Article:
May 28, 2013
Exposure To Pesticides Increases Risk Of Developing Parkinson’s Disease
Brett Smith for redOrbit.com - Your Universe Online
In what might be considered cause for concern among farm workers — a new research review in the journal Neurology has found a link between Parkinson´s disease and exposure to chemical weed or bug killers.
The review included over 100 studies from around the world and calculated between a 33 to 80 percent increased risk of developing the disorder as exposure to certain weed or bug killers increased. Prolonged exposure to the weed killer paraquat or the fungicides maneb and mancozeb doubled the risk of contracting the disease.
"Due to this association, there was also a link between farming or country living and developing Parkinson's in some of the studies," said co-author Dr. Emanuele Cereda, with the IRCCS University Hospital San Matteo Foundation in Pavia, Italy.
For the review, Cereda and his colleague Dr. Gianni Pezzoli, with the Parkinson Institute — Istituti Clinici di Perfezionamento (ICP), Milan, examined studies from around the world that looked at human exposure to insecticides, weed killers, fungicides, dichlorodiphenyltrichloroethane (DDT) and other chemicals used in agriculture. The pair of researchers focused on the length of time that individuals were exposed to chemicals and the subjects´ proximity to agriculture.
The team was able to make a direct correlation between the duration of exposure to these chemicals and the risk for developing Parkinson´s disease. They also found a one-third higher risk for those directly working in agricultural jobs.
"We didn't study whether the type of exposure, such as whether the compound was inhaled or absorbed through the skin and the method of application, such as spraying or mixing, affected Parkinson's risk," Cereda said. "However, our study suggests that the risk increases in a dose response manner as the length of exposure to these chemicals increases."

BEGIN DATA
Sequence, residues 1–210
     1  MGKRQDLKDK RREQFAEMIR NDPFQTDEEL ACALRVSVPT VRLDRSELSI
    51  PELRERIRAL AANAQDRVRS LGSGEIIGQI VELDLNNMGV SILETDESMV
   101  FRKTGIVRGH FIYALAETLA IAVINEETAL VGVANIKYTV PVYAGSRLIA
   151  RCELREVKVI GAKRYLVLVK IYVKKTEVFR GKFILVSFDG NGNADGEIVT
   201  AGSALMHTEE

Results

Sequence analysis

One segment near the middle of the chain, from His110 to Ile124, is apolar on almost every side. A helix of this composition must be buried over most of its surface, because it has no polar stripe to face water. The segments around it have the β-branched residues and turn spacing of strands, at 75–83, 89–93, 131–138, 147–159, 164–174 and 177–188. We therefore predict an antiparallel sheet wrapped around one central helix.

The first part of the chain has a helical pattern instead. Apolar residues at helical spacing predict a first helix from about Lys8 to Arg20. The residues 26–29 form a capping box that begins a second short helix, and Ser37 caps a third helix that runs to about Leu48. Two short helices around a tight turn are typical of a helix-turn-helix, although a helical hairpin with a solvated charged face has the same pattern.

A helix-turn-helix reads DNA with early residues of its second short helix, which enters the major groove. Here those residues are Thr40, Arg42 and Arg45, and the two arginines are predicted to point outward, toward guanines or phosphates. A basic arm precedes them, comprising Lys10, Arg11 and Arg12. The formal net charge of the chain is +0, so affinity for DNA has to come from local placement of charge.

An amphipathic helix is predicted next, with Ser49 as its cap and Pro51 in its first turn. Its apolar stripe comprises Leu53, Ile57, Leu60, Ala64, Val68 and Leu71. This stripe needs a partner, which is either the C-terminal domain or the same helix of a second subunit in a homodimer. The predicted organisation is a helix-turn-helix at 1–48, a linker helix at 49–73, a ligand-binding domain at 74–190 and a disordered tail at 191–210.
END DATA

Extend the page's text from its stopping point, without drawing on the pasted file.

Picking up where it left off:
"I think the study is actually a big advance in our research knowledge of the relation between chemical exposures and the basic neurological injuries," Dr. Arch Carson, associate professor at the University of Texas School of Public Health (UT-SPH) in Houston, told Medpage Today. "This report is the first to show that there is a positive relationship between not only insecticides and herbicides but also some other solvent chemicals to which many people are exposed and the development of Parkinson's syndrome."
Although the review found a relationship between many agricultural chemicals and risk for Parkinson´s, the scientists weren´t able to establish that relationship for DDT, which has been banned in the United States for decades.
Parkinson's disease is a neurodegenerative disorder that results from a significant loss of dopamine-producing brain cells. Because dopamine affects motor skills and other functions, people lose control of their movements leading to trembling, balance issues, and rigidity. Those with Parkinson´s may also experience vivid dreams due to sleep disorder, an altered sense of smell, constipation, and depression.
In the US alone, 50,000 to 60,000 new cases of Parkinson's are diagnosed each year, according to the National Parkinson Foundation — making it the 14th leading cause of death in the country. The disease can be managed, but is currently incurable.